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Californian’s now facing a pair of wildfires; Also on the Tuesday rundown: Higher education in New Jersey: a racial split; plus food resources still available despite the “public charge” proposal.

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Advocates in D.C. to Defend Craters, Other National Monuments

Craters of the Moon National Monument was originally designated in 1924. It was expanded in 2000. (BLM/Flickr)
Craters of the Moon National Monument was originally designated in 1924. It was expanded in 2000. (BLM/Flickr)
June 8, 2017

BOISE, Idaho – Public lands advocates from Idaho and around the country are in Washington Thursday to tell policymakers not to make changes to the country's national monuments, including Idaho's Craters of the Moon.

The Interior Department is reviewing 27 monuments that have been designated or expanded since 1996.

Originally created in 1924, Craters was expanded in 2000.

Conservation planner Avery Shawler is in the capital to defend Craters. She says while the review process could weaken protections for some national monuments, locals in Idaho want to go in the opposite direction.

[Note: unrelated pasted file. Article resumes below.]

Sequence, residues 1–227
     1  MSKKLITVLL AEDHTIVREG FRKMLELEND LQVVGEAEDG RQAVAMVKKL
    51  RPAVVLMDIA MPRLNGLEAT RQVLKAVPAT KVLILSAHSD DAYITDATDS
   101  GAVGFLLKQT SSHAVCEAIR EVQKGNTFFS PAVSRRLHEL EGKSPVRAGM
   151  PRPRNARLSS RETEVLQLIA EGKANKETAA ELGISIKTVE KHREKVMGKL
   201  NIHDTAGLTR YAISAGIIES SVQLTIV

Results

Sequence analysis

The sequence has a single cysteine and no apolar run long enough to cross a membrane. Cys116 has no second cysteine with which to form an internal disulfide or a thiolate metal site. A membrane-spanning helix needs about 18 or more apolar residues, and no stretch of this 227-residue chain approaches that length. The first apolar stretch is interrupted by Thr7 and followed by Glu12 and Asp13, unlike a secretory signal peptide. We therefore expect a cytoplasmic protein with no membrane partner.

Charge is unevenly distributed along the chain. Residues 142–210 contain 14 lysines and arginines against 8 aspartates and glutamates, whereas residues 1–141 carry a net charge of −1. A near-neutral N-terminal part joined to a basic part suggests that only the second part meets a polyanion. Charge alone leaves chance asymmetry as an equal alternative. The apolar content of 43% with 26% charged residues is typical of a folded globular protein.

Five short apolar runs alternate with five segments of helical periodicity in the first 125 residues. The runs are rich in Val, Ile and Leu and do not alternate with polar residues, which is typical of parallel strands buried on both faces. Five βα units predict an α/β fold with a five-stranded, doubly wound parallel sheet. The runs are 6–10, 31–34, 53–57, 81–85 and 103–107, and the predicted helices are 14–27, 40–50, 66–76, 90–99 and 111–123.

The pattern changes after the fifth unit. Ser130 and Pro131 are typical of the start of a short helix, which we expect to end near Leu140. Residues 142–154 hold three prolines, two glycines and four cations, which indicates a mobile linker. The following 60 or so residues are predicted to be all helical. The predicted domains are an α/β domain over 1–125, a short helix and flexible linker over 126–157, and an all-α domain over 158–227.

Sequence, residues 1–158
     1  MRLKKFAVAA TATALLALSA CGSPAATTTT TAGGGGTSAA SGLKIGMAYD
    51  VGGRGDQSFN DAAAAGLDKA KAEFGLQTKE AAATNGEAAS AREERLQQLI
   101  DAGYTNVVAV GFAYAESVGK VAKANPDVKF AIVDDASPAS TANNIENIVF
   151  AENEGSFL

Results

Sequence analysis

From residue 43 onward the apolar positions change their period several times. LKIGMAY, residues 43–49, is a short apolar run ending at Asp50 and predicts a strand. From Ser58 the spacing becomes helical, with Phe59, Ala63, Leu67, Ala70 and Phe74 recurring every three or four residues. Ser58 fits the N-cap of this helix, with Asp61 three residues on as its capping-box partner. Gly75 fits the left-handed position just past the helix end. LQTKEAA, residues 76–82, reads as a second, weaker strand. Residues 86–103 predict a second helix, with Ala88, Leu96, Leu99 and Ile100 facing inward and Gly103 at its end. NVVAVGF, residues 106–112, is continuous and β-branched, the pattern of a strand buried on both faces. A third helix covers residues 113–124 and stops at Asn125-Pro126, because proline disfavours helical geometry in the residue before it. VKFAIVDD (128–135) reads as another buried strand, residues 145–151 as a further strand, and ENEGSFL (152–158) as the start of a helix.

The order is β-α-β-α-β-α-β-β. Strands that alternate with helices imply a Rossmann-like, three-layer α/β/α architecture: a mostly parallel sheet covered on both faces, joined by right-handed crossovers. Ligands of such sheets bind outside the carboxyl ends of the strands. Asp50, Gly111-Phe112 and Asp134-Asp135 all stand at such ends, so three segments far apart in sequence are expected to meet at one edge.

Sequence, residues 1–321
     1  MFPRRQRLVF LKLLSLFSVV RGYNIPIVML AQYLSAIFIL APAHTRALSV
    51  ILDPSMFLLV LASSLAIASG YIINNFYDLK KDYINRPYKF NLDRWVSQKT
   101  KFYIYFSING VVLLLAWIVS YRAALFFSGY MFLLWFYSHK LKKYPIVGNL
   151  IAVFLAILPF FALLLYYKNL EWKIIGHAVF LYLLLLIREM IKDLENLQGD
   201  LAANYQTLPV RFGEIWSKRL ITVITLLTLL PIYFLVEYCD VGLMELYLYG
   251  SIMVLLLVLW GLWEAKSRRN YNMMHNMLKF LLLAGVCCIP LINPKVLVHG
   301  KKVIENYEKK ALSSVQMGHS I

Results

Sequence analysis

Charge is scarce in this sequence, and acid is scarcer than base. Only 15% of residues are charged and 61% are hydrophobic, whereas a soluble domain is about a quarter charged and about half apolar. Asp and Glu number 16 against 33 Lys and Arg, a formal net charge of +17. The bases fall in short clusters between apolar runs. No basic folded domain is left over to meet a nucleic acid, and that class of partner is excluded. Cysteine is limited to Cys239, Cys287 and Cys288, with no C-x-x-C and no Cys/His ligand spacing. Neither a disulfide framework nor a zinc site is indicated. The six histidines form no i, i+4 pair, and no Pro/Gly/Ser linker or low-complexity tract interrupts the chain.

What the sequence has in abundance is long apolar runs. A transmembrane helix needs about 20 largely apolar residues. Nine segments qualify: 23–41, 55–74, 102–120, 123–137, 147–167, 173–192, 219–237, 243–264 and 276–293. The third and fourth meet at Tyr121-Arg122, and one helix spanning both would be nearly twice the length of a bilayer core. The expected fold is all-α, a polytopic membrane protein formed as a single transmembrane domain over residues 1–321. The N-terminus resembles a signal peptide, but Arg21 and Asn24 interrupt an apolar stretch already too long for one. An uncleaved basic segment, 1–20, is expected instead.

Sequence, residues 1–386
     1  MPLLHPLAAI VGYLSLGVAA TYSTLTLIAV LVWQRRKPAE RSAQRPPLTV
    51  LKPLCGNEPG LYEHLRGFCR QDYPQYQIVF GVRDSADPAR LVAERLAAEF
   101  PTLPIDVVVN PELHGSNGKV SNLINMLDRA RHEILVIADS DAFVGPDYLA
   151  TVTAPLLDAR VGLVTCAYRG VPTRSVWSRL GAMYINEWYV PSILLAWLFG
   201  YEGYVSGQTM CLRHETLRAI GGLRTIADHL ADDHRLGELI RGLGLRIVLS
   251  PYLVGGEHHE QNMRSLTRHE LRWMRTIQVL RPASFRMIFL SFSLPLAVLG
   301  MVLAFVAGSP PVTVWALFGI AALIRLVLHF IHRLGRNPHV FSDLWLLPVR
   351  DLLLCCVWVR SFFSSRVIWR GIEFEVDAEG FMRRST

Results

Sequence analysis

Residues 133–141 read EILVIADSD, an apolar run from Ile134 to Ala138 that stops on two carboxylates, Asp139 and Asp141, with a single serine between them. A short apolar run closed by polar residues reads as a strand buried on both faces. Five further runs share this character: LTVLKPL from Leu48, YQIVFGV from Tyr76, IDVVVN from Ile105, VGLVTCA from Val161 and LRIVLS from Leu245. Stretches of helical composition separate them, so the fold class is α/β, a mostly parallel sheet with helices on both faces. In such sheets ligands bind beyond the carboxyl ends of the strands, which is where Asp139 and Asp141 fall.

"They actually are trying to get it designated as a national park because they believe that having it as a national park would put it more on the map and people would maybe come out and see it more,” she states. “It would increase visitation, and that would boost their local economy."

According to new data from research group Headwaters Economics, national monument designation status already has helped local economies. Since its expansion in 2000, per capita income in the area has grown by 36 percent.

Thursday is also the anniversary of the Antiquities Act of 1906, which gave presidents the power to designate national monuments to protect significant natural, cultural or scientific features.

Shawler says there are more reasons to defend Craters beyond the economic ones.

"It's a really, really unique landscape,” she stresses. “I mean, the lava formations are just unbelievable and you feel like you're really remote when you're out in the middle of it."

The public can comment on the review process at regulations.gov through July 10.

Support for this reporting was provided by The Pew Charitable Trusts.

Eric Tegethoff, Public News Service - ID